High cost of living pushes younger adults to emigrate

Younger adults consider moving abroad due to rising cost of living, while over 55s cite bad weather, it has been revealed.

Almost a third of the UK public (32 per cent) would consider relocating abroad due to the rising cost in living, a survey has found. The study, conducted by Bishop’s Move the UK’s largest privately owned removals company, also found that the when it comes to motives for moving abroad, a significant proportion of younger adults are feeling the pinch of increasing living costs and would leave the country for this reason. However, those 55 or over – the baby boomer generation – are more likely to cite the country’s bad weather for emigrating abroad.

As unemployment rates soar and financial problems mount due to rising inflation, the research, conducted amongst 1000 respondents, reveals that a significant percentage of the future UK workforce will consider leaving the country behind.

Thirty-six per cent of those aged between 25-34 and 32 per cent of those aged 25-44 will consider emigrating and starting a new life and career abroad due to escalating basic living costs.

However, when it came to the older generation, just 24 per cent of those surveyed aged 55 or over would blame rising costs as the reason they’d leave these shores, despite recent research from SAGA which revealed living costs had risen more sharply for those below retirement age than what is commonly believed.

Other results from the survey revealed 10 per cent of the UK public will consider leaving due a lack of trust in the current Government and nine per cent would leave due to anti-social behaviour issues.

Bishop’s Move comments on the findings: “A lot has been made about how the current high costs of living are affecting the baby boomer generation and impacting their retirement plans, however it seems it is younger adults who are actually willing to leave the UK behind for this reason. Let’s not forget many are just finishing their education, many more hope to start a career, and some are struggling to get onto the UK workforce.

“If the Government goes ahead with its five pence-a-litre fuel rise in April, that will be two price hikes in four months along with the VAT increase. It’s of little wonder that some people are feeling doubtful about their futures on these shores. If the Government isn’t careful, we could lose a generation seeking a more financially stable life abroad.”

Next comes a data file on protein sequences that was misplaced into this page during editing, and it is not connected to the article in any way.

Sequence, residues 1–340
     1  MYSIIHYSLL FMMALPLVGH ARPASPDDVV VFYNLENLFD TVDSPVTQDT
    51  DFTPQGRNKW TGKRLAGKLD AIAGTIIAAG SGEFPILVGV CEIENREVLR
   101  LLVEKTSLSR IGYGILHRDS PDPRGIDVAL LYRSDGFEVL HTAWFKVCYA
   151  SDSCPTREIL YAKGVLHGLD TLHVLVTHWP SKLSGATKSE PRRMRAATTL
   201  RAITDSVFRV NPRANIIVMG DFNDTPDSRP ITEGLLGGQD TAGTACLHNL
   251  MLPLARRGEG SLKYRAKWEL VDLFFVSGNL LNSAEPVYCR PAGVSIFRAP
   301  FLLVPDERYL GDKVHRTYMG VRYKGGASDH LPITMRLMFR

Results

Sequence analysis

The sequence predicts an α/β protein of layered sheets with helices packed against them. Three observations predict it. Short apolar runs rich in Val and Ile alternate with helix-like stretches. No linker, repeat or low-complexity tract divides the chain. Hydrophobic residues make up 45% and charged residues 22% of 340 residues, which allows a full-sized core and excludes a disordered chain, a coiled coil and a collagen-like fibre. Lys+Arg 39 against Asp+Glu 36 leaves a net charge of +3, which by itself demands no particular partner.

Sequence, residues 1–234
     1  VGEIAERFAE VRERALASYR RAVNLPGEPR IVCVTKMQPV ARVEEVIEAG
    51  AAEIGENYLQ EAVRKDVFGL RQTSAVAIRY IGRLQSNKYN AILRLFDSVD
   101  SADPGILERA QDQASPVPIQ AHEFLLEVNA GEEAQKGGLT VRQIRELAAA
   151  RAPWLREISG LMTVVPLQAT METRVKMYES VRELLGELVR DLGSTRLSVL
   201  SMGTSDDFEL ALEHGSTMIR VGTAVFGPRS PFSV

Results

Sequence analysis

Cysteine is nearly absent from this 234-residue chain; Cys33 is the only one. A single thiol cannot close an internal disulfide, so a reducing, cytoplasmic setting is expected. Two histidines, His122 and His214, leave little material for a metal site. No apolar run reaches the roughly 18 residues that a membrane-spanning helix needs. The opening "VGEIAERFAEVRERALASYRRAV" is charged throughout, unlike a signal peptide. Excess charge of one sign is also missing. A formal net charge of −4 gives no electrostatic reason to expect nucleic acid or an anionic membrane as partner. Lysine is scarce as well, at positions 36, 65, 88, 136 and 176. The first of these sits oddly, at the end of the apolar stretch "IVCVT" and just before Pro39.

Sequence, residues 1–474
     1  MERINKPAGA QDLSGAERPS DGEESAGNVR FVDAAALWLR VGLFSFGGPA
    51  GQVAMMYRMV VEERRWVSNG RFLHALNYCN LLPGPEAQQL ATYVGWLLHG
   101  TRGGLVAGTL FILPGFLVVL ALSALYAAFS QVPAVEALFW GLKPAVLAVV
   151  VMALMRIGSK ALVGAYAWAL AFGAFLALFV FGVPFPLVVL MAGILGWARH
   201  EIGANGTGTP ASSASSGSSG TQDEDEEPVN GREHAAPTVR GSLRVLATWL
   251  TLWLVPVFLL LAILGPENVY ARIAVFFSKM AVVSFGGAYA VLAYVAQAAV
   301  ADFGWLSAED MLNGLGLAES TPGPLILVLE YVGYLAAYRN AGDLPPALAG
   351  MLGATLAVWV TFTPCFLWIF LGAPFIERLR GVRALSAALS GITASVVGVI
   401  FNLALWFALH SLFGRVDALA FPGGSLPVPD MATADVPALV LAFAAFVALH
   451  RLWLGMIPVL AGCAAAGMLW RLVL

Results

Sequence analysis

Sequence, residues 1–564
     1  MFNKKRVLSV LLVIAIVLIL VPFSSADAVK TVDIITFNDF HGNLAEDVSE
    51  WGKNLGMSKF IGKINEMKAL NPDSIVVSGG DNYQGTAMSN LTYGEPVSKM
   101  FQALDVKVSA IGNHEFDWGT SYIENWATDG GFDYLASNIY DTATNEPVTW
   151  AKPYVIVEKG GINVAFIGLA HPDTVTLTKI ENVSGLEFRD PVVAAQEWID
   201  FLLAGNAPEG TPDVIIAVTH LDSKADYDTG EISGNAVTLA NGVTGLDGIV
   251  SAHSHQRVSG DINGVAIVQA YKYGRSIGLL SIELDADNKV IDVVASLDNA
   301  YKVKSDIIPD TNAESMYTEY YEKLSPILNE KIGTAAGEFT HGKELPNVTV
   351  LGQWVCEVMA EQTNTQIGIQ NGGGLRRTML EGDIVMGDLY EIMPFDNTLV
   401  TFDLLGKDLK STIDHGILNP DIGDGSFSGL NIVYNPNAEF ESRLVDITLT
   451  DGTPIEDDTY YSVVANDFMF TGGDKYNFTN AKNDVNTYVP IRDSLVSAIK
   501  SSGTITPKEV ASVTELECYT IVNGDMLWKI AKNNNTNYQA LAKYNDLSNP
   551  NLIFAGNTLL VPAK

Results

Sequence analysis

New measures to cut delays at Heathrow

 

Passengers using Heathrow and communities around the airport could benefit from reduced delays, less stacking and fewer unscheduled night flights at the UK’s busiest airport as part of a trial of new measures announced today by Aviation Minister Theresa Villiers.

The measures are set out in the final report by the Government’s South East Airports Taskforce which has been published today. They are focused on making Heathrow more resilient and better able to recover on days when the airport’s operations are disrupted by poor weather or other problems.

When such problems occur, these proposals would allow, exceptionally, both Heathrow’s runways to be used simultaneously for either arrivals or departures as a way to cut delays and cancellations and get punctuality back on track.

The Task-force also endorsed plans for a switch to a smarter, more effective and more passenger-friendly airport security regime for all UK airports – details of which have also been published today for consultation.

Set up to identify operational improvements at the UK’s three busiest airports – the South East Airports Taskforce included representatives from airlines, airport operators, regulators and other interests.

Aviation Minister Theresa Villiers said:

“Heathrow, Gatwick and Stansted airports play a vital role in supporting the UK economy. Improving the reliability of these airports, particularly Heathrow, was a priority for the Task-force.

“These measures have the potential to deliver greater reliability for passengers, while reducing the impact of unscheduled night flights on local communities. Trialling these changes will allow their benefits and impacts to be assessed and there will be extensive engagement and consultation with local communities before any decision is taken on whether to make the changes permanent.

“Coupled with today’s proposals to give UK airports more flexibility in the way they deliver airport security, passengers should begin to see real improvements. I am grateful to all Taskforce members for working so constructively together to help make our airports better.”

Under existing arrangements, Heathrow operates largely on a runway alternation system, whereby one runway is used for arrivals and the other for departures – with the roles reversed halfway through the day to provide respite from noise for residents living near the end of the runways. The Government has made clear its support for the continuation of runway alternation.